Protesters will today renew their bid to halt plans for a modern windmill being built in the heart of one of Liverpool’s best-known conservation areas.
Children’s charity Kind wants to build the wind turbine to generate electricity alongside their base in Back Canning Street in the Georgian quarter of the city, close to the Anglican Cathedral.
Council planning officers have recommended approval should be given to the three-bladed turbine, which will have a diameter of five metres.
Opponents fear the whirring noise of the turbine will disturb them, but they also say its location within sight of the cathedral is unsuitable.
When the application came before the planning committee several weeks ago, a number of local residents registered their protests.
The committee decided to defer a final decision until after a site visit, which takes place today.
Members of the committee will visit the area to see for themselves the site of the proposed turbine before returning to the town hall to make a decision.
Protesters will again oppose the scheme at today’s meeting.
Eight letters of objection and a 34-name petition have already been submitted by local residents who oppose the proposal.
Some residents have described the wind turbine as a “monster” that will overwhelm the appearance and character of the conservation area.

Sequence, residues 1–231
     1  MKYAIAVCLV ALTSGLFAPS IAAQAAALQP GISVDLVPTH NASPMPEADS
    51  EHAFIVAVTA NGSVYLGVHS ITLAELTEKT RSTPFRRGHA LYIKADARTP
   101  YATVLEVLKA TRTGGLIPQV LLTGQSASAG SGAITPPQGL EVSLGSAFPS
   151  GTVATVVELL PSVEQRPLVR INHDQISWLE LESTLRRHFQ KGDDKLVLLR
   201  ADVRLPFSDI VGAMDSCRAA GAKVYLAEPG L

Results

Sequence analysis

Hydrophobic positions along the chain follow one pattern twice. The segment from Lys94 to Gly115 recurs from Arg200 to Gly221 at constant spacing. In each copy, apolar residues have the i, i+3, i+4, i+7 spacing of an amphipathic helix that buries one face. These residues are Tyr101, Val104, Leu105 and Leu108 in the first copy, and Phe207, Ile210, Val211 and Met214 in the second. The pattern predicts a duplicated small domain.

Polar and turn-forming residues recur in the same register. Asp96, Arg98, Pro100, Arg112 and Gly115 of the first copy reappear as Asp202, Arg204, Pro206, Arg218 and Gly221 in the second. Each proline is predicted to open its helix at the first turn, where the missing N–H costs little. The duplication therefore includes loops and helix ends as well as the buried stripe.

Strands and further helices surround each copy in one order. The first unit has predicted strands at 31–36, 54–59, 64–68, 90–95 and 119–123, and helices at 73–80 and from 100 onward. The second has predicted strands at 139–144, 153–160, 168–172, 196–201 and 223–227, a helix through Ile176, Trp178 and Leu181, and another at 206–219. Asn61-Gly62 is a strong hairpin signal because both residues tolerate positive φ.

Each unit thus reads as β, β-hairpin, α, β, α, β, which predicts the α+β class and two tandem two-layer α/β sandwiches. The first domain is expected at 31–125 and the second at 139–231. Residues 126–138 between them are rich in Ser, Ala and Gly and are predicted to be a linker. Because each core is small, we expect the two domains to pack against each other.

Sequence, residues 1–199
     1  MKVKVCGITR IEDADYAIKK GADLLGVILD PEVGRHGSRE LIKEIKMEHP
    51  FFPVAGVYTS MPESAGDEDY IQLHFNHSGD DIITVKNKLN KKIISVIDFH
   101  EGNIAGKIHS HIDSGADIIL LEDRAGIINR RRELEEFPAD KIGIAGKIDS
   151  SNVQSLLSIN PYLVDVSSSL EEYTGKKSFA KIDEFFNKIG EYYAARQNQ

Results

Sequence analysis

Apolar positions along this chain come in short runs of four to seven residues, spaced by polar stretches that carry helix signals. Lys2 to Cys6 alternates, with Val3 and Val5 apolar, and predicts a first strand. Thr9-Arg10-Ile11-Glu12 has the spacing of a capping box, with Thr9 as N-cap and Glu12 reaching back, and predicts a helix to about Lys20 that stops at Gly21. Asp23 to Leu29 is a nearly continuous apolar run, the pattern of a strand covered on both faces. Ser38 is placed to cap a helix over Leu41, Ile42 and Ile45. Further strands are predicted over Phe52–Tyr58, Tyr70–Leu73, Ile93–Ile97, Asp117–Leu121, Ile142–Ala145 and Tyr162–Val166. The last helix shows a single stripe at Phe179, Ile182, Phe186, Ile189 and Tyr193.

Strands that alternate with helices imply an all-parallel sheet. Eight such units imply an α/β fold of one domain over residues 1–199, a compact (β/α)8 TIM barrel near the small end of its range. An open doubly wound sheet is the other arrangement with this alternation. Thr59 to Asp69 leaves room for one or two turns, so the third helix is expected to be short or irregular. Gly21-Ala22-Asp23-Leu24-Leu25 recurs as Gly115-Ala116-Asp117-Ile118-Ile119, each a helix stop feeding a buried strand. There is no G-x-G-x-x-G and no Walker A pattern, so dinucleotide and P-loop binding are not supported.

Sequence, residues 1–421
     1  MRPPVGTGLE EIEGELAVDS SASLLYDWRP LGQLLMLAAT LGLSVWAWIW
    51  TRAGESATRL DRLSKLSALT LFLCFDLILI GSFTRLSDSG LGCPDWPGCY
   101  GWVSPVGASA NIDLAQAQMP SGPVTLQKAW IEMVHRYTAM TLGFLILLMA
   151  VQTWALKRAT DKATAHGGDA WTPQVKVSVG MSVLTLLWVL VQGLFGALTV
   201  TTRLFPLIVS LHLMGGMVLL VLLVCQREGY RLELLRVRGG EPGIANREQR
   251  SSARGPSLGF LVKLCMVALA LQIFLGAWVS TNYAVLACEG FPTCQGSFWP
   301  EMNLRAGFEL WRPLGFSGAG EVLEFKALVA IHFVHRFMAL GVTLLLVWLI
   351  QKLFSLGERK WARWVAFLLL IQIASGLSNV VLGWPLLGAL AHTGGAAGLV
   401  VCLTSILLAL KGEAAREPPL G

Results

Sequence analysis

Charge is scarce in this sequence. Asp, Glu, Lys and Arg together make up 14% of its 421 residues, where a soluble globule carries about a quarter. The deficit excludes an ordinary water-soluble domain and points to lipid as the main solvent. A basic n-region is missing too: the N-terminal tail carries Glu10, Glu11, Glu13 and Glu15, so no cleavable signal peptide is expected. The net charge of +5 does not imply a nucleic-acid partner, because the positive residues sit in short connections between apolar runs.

Neighbours also argue the turbine will be hazardous to the local birds which flock and nest in local trees.
Residents also fear that if the proposal is approved it could set a precedent for similar devices to be built in the area.
Architect Neill Fozard has defended the proposed turbine. He said: “It is pretty silent and rarely goes above background noise. It is the same level of noise as the wind rustling through the trees.”
The Rodney Street Association have also expressed opposition, saying they believe it is unlikely that a wind-driven turbine will generate any significant energy output, as it will be hedged in by large buildings.
KIND have occupied the large plot of land in Back Canning Street for some years. It was previously known as the City Farm and a collection of animals lived on the site, which was used as a study centre for local children.
Since KIND took over the city farm in 1997, they have worked with 4,000 children on environ-mental education projects.
KIND’s new project aims to create a carbon-neutral facility which will incorporate a number of alternative energy sources, such as wind power. There are already solar panels on the building.
The wind turbine, if approved, will be capable of generating 12,000 kilowatt hours of electricity – more power than the entire needs of the KIND centre. It is even possible that spare power can be sold into the national grid system.
By Larry Neild
22 August 2007
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